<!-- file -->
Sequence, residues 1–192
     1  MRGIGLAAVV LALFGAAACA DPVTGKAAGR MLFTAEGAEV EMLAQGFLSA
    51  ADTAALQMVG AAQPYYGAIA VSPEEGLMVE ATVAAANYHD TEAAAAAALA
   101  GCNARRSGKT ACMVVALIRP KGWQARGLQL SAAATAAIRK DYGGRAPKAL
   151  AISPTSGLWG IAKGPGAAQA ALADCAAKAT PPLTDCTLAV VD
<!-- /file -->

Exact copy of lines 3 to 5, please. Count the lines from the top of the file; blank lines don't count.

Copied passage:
    51  ADTAALQMVG AAQPYYGAIA VSPEEGLMVE ATVAAANYHD TEAAAAAALA
   101  GCNARRSGKT ACMVVALIRP KGWQARGLQL SAAATAAIRK DYGGRAPKAL
   151  AISPTSGLWG IAKGPGAAQA ALADCAAKAT PPLTDCTLAV VD